We recently had an excellent webinar presented by Sarah Collinge, M.S.Ed and author of: “Raising the Standards Through Chapter Books: The C.I.A. Approach.” Sarah’s presentation was on motivating students to read and she had tons of helpful tips!
Here are some of the questions Sarah answered following her presentation:
How can you get students to collaborate with each other about what they are reading when they are using programs such as Accelerated Reader OR if they are at different reading levels?
If they are at different reading levels?
The year that I saw the most improvement in reading among all my students was when I said that the students that needed special services could still leave for those sessions but not during read aloud time. During read aloud time I would read a high level book that every student could comprehend because I was reading it aloud to them and structuring their conversations about the text. I got the highest test scores out of all the teachers in my subject area the year I made sure that my students never left for special services during read aloud time. I kept my ELL’s, special needs in my class during those read aloud sessions. AND it provided every student with a book that they could collaborate on. (Collaboration being what Sarah pointed out during the presentation to be what researchers have found to be the most important factor for motivating students to read). These sessions were beneficial for students at every level… high level and low level.
However, I also believe in meeting students where they are at. So… allowing time for independent reading where they can read books at their level is important too. Also, you can set up book clubs with students that are at the same reading level so they can collaborate with each other.
If they are using programs such as Accelerated Reader (AR)?
The Common Core Standards indicate that there should be a collaboration layer as part of the gradual release model of: teacher modeling, guided practice, collaboration, and then independent reading. For a long time I wasn’t using collaboration. I was modeling reading during read aloud time and then providing guided practice through small groups that I would organize into book clubs, then immediately sending them into independent reading, but I wasn’t having the students collaborate with each other. When I added that collaboration layer to my classroom I saw a lot better results. What I would do with the AR program was allow kids to pick the same books and partner up on a book. I would guide them to books that we had multiple copies of. I then had the students read the book at the same time. They didn’t sit together and read it together. They don’t need to do buddy reading if they are fluent readers. I had them read the book alone at their own desk and then come together to talk about the book periodically before taking the AR test.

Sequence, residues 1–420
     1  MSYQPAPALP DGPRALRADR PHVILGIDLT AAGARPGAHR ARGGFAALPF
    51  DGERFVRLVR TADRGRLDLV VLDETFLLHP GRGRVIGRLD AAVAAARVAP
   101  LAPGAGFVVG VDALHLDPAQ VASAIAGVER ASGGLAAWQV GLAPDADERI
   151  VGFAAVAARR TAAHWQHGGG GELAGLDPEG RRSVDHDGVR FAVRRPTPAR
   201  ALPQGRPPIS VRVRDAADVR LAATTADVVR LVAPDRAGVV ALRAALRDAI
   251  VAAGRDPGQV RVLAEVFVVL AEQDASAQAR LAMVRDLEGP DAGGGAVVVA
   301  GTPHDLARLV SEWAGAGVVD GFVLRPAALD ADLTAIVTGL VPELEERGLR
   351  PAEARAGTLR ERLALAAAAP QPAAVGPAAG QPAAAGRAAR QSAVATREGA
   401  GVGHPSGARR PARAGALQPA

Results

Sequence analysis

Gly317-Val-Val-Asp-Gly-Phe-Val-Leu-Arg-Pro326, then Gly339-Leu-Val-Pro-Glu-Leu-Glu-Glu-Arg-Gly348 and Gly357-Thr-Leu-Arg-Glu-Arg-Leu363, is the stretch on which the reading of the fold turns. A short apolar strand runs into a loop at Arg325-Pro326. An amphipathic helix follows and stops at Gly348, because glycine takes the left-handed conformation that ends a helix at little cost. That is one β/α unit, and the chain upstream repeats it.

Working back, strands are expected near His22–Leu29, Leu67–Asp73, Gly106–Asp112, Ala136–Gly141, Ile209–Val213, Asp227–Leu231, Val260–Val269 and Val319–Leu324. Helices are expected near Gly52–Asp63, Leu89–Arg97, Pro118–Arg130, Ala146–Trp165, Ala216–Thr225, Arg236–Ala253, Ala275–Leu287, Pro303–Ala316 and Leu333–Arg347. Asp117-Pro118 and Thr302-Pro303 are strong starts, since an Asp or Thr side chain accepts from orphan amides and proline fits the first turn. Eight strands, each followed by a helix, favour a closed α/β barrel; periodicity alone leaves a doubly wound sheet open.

How can you find books for older learners that read at a lower grade level? Too many of the lower level books are too juvenile for older learners.
This has been a challenge for me as well. Also, I’ve noticed that books of all levels seem to be getting longer, which further makes them difficult for lower level readers. Even if the words are at the students’ level, longer books are overwhelming to lower level readers. But, these learners definitely need to be in chapter books and not picture books. What you need to figure out with these students is what is that about chapter books that challenge them. Is it the length? Is it their ability to comprehend? Is it both? This can help you find books that are appropriate for them. Also, another problem is that a lot of students just don’t know how to read chapter books. It’s a complex process and a lot of students (even one’s that aren’t struggling) can have a difficult time with chapter books. Chapter books require a lot of thinking and they require the reader to hold on to a lot of information to complete the book. For students with dyslexia, that can be the biggest challenge for them. Teaching them to keep notes on the book can be helpful. You should teach students that reading a chapter book is kind of like putting together a puzzle. You have to break it up into manageable chunks so it isn’t overwhelming. In my book, "Raising the Standards Through Chapter Books: The C.I.A. Approach," I mention four pieces to dividing a chapter book into manageable parts for students.
If you are interested in Sarah’s book, you can purchase it at: ReadSidebySide.com
You can see a review of the book on our blog on the following post: Book Review: Raising the Standards Through Chapter Books: The C.I.A. Approach by Sarah Collinge
The webinar is an hour long and you can view the entire webinar for free here: Motivating Readers: Collaboration, Challenge, Competence, and Choice